Den of the Cyphered Wolf

Wednesday, November 2, 2016

Lost Shows

So I more or less skipped Halloween. It wasn't like I meant to do it but I'm generally not a people person so parties just don't do it for me. Whenever I do decide to get off my butt and get in the spirit it's normally in the form of marathoning some sort of horror themed media.

It occured to me I couldn't watch the show I was jonesing for not legally anyway.

So I might as well.

Here is my list of TV shows that have been lost to the sands of time. I'm going to be loosey goosey here. It's not so much that these shows aren't available but rather I think they've been left out of the nostalgia-fest that is modern pop culture and deserve some love. I'm going to try to keep this from being a giant list of me reliving my childhood and try to restrict it to things I'm not just nostalgic for but do think hold up. That being said.

Muppets Tonight

So the Muppets revival got a mixed reception. They turned the Muppets into the Office. ...

They turned The Muppets into The Office.

Maybe what the audience was hoping for was a nostalgic return to form. Maybe like updating one of the best incarnations the franchise for a new era.  Hmmm...


Yeah, they already did that. Muppets Tonight was basically nothing more than straight a 90's update to The Muppet Show and  in light of the reaction to the ABC show, I get the feeling that people maybe just wanted that. If you did it exists.

Living Single

You know there is this joke going around that Friends is for white people. SCREW THAT NOISE. Living Single made it to air first. And for my money is the better show. Why isn't it streaming on Netflix?  Yeah, whenever I want to start griping about racism in media marketing this is the scab I'm scratching.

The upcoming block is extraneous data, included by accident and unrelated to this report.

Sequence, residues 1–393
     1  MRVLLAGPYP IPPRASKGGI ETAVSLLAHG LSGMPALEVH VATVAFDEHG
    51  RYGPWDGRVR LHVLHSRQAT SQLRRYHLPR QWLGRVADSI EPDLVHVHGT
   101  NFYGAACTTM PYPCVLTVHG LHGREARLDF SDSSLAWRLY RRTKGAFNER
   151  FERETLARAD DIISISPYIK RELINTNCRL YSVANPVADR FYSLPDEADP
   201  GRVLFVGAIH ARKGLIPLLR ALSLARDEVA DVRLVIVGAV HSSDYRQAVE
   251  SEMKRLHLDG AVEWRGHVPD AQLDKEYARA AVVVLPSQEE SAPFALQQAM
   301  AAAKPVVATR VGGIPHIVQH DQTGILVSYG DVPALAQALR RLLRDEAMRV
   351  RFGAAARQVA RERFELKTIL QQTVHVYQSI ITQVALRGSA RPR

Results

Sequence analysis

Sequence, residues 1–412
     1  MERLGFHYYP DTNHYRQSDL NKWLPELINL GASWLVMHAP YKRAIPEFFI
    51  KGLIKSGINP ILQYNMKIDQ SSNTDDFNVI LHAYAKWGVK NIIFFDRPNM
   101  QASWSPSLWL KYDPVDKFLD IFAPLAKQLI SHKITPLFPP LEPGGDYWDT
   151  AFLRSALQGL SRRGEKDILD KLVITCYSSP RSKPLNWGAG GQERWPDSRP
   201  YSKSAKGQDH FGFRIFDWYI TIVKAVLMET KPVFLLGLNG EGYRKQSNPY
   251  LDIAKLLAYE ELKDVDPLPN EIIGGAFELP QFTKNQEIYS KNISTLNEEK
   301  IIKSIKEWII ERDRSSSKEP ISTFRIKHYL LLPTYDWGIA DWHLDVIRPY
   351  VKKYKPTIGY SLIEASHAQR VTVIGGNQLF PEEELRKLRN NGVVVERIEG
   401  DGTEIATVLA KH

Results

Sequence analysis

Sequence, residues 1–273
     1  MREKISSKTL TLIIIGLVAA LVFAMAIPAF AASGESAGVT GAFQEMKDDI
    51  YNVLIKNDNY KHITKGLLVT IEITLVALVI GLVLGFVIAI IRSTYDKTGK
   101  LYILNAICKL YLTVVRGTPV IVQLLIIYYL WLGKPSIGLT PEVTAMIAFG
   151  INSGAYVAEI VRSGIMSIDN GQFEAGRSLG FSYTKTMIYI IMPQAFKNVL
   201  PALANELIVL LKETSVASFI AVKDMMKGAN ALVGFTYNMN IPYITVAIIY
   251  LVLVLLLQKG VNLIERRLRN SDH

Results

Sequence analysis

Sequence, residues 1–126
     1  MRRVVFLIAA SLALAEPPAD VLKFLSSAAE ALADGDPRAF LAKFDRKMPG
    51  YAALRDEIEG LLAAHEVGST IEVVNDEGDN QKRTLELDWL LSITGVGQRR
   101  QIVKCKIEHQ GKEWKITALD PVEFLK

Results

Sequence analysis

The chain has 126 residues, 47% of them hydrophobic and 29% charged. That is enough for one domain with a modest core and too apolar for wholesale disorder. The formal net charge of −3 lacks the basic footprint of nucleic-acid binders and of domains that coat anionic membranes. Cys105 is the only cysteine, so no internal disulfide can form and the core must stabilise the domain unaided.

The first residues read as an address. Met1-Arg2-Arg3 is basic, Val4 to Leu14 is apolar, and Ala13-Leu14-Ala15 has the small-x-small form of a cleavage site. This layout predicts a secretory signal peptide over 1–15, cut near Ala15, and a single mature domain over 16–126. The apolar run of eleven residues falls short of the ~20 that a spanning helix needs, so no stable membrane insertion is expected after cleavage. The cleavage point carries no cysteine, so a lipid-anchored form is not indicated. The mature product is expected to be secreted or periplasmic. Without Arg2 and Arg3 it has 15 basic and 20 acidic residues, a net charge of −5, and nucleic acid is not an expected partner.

They're almost the same show except for you know the obvious.

The Torkelsons

Hi. Redstate folks. I've said some not so nice things about you over this election cycle. Let me throw you a bone. I, as a black guy, know it can be tiresome to have to put up the majority of mainstream culture treating you, your friends and family and your general way of life as some sort of alien thing to be ignored, ridiculed or feared.

Which is to say, "Stop treating us like idiots." is one of the few grievances of this election cycle I think actually has some credence. Not everybody born past the Mason-Dixon line is a slack-jawed racist idiot. And it can be tiresome to have half the country assuming that about the other half.

So uh I like Reba.

And the Torkelsons is Reba 1.0.

And it was also one of the late Britanny Murphy's earliest gigs and I always liked her. I'm not going to act like I knew her but she had a lot of talent and brought a lot of stuff into this world that I liked.

Speaking of actors who left this world too soon.


I've said it before and I'll say it again.  If a story involves a dude with a sword I'm game. And hey look Heath Ledger as a dude with a sword. Okay then,

Okay, that being said what makes Roar interesting is it came out just slightly before what I'll just call the narrative revolution of TV. So while there is ongoing plot and continuity stuff  on its also in the background which makes it's structure something other than hey let's kill the monster of the week and sprawling epic as it's kind of both and neither. It's not a story you had to wait 20 hours in to actually start to understand what was going on.